New US National Flood Frequency Guidelines
Research over the past 25 years has indicated that the U.S. National Flood Frequency Guidelines, last revised in 1982, need to be replaced or updated. These guidelines have an impact on water supply and availability for flushing flows, endangered species flows, river sediment management, reservoir management, storage and releases, and reservoir flood control storage.
* How can we best document and complete testing of new US flood frequency guidelines so that water-resources managers can fully utilize the new methods?
This Science and Technology (S&T) Program research project is a demonstration and documentation effort and is based on work completed in fiscal year (FY) 2007 on testing proposed new guidelines. A guidelines report and two journal articles are proposed in this effort in partnership with the U.S. Geological Survey and Reclamation's Dam Safety Office.
Need and Benefit
Reclamation has a clearly defined need and benefit in this flood frequency research. The results of this work will be widely applied, in conjunction with paleoflood data, in estimating hydrologic hazard curves for all Reclamation dams as part of the Dam Safety Program.
The guidelines that result from this research will also have impacts on the following water supply and availability areas within Reclamation. It can impact flood control operations and rule curves at Reclamation reservoirs with dedicated flood control space such as Folsom and Pueblo Dams, and the Lower Colorado River below Hoover Dam. It can affect flood flow calculations that dictate limits on flushing flows, operational releases and clearances for downstream structures such as those on the Trinity River downstream of Lewiston Dam. The guidelines can impact flow estimates and required releases for endangered species such as on the Middle Rio Grande. In addition to Reclamation benefits, the research has broad benefits to the National Flood Insurance Program and can impact design and assessment of hydraulic structures (bridge crossing, levees, etc.) throughout the United States. The end result is more accurate estimates of flood flows (with uncertainty) that can result in water savings and potential cost avoidance.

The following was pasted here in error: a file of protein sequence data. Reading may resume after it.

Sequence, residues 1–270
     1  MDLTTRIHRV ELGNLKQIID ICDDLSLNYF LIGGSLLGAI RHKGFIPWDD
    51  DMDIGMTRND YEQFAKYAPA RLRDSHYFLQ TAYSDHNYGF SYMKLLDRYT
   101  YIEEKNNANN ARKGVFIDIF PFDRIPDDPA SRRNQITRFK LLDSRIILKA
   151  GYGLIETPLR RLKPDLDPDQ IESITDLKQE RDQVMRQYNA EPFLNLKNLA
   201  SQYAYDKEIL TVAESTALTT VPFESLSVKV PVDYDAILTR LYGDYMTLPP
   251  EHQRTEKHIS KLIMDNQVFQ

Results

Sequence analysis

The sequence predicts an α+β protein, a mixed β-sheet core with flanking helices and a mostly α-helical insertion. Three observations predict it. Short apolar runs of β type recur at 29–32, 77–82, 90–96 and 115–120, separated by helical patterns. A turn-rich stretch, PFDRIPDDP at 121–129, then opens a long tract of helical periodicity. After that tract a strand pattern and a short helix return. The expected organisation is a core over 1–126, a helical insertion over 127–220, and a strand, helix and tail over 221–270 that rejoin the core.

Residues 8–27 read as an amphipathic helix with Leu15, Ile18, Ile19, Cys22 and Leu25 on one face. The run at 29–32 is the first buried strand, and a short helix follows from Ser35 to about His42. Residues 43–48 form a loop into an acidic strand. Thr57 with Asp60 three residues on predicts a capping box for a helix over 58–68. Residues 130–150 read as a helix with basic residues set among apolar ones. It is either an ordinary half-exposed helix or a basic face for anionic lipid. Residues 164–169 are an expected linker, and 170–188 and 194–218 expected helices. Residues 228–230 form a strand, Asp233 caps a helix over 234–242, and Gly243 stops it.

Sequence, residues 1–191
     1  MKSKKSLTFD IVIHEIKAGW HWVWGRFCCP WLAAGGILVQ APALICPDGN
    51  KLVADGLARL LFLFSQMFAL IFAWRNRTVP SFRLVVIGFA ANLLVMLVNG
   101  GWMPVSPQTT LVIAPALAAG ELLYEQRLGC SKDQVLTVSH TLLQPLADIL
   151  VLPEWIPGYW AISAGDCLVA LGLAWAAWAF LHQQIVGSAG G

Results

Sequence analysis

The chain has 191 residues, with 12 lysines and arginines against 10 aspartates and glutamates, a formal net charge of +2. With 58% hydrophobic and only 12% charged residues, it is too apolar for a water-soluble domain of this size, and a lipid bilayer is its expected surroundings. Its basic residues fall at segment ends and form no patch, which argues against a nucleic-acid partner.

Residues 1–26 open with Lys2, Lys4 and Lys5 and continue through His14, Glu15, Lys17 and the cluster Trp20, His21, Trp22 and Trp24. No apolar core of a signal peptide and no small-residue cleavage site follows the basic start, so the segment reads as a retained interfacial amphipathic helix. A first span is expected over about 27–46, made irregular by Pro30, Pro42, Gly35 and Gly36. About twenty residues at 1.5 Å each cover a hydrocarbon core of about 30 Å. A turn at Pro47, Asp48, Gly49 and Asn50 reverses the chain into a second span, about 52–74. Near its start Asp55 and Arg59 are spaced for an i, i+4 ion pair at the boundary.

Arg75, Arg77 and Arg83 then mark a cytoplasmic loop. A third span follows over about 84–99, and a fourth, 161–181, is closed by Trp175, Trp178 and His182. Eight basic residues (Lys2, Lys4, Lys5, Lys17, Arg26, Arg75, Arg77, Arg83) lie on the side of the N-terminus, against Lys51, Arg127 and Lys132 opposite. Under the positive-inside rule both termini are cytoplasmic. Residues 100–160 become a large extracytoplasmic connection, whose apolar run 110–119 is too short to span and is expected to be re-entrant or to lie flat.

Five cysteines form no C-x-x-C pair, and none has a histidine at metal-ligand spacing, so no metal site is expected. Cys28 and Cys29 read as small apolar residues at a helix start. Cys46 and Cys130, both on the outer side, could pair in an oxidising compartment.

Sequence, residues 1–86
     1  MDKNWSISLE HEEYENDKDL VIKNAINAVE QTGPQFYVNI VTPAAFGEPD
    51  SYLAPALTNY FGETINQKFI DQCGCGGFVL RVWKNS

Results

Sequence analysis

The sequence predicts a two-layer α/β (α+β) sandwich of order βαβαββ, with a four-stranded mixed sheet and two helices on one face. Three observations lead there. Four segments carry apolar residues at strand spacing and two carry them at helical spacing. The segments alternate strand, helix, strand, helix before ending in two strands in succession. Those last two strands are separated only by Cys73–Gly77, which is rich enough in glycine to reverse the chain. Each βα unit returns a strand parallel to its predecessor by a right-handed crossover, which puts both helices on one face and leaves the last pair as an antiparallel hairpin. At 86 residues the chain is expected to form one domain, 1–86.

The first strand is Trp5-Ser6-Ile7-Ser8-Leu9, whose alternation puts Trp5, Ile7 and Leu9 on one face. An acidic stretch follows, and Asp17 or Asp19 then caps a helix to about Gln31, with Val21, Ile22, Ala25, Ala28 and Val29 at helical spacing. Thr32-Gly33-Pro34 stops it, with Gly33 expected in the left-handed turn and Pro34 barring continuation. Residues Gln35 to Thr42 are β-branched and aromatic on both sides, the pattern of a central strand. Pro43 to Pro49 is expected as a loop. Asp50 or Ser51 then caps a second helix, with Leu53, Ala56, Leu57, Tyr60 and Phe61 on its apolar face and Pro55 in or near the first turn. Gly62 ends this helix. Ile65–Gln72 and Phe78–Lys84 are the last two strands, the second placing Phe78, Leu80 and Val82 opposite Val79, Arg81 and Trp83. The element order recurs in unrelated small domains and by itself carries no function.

This demonstration and documentation research effort is the final step in technology transfer of new and improved flood frequency methods into guidelines for national use. The research on the methods has been completed (Cohn et al. 1997, Cohn et al. 2001, England et al. 2003a, England et al. 2003b, Griffis et al. 2004). The testing plan has been developed (HFAWG 2006) and results of the testing are nearing completion (England and Cohn 2007). The final step is documentation. The end research result is new National Flood Frequency Guidelines.
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